A Fashion Designer’s Classic Milanese Aperitivo

In Milan, there’s one unofficial but very important entertaining rule: Never throw a party on a Saturday night. Monday through Friday, the city is brimming with creative people — the quiet engines running the design and fashion industries — but, when the weekend rolls around, they tend to leave for the nearby Swiss Alps or the Mediterranean coast. Weekdays are when the Milanese gather and the aperitivo, a postwork, pre-dinner cocktail hour, defines the city’s social life. “The Milanese are very busy,” says the fashion designer Damir Doma, 42, a native of Croatia who was raised in Germany and has been living in the northern Italian city since 2016. “Aperitivo brings everyone together for a short moment to have a drink and a chat.”

Doma believes that an aperitivo may also be a time to celebrate. It was a cold Thursday evening in early this year when Doma invited his friends and collaborators over to his apartment, located in the Porta Nuova district, to toast his two-year old label, Diomene. Many of the 30 or so guests are also members of what he calls his “Aperto” group — a network who meet regularly for early evening events he organizes in local bars with his friend Stephanie Barth, a creative director.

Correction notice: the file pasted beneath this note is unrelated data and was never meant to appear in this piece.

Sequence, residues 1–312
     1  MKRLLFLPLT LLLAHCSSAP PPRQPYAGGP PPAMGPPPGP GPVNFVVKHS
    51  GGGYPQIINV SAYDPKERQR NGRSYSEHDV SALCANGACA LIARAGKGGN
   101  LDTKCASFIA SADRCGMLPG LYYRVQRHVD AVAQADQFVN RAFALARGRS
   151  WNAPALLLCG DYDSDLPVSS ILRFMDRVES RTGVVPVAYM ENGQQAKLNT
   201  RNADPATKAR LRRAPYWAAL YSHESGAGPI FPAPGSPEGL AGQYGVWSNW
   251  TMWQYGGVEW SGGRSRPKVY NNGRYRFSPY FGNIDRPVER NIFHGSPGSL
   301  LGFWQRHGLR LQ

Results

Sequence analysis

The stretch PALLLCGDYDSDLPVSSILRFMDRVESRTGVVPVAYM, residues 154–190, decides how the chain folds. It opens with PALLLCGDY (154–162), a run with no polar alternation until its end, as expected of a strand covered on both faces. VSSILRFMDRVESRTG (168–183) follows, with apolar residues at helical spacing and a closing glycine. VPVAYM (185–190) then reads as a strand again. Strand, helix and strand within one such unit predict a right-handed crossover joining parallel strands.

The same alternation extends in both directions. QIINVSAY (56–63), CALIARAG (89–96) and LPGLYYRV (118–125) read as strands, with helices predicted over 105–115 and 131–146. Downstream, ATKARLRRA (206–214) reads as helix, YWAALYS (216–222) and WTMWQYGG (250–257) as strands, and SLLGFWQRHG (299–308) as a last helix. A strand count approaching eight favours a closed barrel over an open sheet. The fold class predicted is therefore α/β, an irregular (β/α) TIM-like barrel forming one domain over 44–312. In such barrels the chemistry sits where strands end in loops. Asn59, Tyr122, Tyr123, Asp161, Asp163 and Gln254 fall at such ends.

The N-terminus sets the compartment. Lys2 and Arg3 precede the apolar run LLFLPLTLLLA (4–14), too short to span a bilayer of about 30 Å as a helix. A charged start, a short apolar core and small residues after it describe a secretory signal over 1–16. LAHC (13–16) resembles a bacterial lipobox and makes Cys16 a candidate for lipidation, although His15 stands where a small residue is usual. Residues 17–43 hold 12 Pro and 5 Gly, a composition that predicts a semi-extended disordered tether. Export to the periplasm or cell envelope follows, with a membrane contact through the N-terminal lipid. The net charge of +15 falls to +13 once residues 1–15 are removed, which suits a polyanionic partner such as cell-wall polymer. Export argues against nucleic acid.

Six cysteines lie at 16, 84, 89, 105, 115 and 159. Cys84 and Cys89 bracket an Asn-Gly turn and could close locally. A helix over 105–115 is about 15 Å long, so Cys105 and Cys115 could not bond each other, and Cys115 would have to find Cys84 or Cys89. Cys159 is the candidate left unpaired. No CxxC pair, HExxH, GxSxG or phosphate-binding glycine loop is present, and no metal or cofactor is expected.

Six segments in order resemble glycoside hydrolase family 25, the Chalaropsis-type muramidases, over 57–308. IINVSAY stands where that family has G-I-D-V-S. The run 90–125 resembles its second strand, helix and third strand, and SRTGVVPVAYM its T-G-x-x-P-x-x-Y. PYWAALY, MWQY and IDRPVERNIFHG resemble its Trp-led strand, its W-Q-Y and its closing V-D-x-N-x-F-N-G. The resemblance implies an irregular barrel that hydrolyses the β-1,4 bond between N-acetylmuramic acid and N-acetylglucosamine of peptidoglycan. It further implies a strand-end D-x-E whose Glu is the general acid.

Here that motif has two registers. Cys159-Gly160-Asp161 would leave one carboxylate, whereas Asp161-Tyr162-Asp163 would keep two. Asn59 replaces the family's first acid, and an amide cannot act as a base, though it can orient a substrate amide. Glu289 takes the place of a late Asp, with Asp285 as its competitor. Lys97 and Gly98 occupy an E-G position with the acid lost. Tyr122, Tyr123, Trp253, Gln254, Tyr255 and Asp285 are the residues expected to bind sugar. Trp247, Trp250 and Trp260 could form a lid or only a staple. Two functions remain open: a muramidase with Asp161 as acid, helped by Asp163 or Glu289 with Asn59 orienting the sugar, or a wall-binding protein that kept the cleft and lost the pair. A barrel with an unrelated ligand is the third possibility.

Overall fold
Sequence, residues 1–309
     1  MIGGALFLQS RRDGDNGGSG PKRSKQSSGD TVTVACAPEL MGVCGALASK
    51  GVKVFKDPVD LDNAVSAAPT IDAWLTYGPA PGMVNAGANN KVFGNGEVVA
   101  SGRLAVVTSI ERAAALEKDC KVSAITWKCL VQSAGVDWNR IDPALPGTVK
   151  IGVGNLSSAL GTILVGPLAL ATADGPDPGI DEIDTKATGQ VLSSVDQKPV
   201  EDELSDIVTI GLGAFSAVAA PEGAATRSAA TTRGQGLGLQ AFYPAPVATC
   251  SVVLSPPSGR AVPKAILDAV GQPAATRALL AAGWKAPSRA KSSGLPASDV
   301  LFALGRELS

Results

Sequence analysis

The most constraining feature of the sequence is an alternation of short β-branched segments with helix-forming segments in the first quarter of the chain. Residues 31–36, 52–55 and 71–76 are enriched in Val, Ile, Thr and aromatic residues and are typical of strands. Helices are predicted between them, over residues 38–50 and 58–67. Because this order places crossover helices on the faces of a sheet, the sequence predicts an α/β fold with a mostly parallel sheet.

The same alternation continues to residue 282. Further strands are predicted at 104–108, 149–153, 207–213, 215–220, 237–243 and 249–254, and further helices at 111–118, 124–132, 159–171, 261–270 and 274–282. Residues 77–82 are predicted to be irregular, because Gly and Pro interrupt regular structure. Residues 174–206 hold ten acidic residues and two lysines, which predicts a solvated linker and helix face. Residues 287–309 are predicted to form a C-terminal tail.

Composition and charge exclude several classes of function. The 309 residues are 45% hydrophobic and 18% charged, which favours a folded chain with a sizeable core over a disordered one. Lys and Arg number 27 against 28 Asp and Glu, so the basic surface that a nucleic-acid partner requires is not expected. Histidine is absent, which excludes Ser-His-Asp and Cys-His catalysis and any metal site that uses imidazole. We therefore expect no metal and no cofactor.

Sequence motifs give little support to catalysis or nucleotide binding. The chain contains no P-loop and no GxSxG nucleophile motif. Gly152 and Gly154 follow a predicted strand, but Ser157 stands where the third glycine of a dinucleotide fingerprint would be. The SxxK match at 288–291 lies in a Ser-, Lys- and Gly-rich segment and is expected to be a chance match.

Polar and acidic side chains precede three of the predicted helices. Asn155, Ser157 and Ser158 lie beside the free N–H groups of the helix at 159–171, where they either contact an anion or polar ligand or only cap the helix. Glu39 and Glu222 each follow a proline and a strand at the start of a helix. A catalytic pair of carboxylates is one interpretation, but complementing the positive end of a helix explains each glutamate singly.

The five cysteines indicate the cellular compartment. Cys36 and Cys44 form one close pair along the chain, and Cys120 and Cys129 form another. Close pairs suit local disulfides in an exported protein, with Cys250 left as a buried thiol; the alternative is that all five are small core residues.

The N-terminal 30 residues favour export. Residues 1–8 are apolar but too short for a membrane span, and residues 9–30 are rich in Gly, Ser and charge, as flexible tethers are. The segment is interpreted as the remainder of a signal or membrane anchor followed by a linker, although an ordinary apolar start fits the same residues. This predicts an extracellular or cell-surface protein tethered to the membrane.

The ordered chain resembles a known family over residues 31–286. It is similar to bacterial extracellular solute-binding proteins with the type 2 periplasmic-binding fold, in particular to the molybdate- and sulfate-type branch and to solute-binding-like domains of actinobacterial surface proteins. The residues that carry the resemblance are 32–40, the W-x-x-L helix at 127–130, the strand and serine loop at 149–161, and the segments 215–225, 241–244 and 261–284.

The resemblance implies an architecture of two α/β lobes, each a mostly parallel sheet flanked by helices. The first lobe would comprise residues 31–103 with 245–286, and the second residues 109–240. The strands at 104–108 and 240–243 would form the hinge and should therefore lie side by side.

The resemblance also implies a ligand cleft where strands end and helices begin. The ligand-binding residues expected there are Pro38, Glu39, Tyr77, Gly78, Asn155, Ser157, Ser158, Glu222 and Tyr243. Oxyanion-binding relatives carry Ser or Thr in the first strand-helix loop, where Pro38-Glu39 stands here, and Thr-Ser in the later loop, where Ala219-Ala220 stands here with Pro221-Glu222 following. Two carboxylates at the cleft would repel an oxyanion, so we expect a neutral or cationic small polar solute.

Doma, who moved to Milan eight years ago, never imagined how closely his personal and professional life would be intertwined. He’d made the decision to relocate from Paris — where he’d lived for nine years and founded his namesake brand in 2006 — strictly for work. In Paris, he’d become one of the youngest and most closely watched designers on the fashion week schedule and his concept-driven collections and deconstructed garments had won him a global following. Moving to Italy, he figured, would allow him to collaborate more closely with the people who actually produced his clothes — an aspect of the fashion industry he considered increasingly interesting. He has also established his personal life in Milan. He met Charlotte Rondeau Doma in 2016, and they have two children, Achilles (5 years) and Balthus (2 years). He began the next phase in his career by launching Diomene, in 2021. This was a year after he closed his previous label due to the economic turmoil of the pandemic.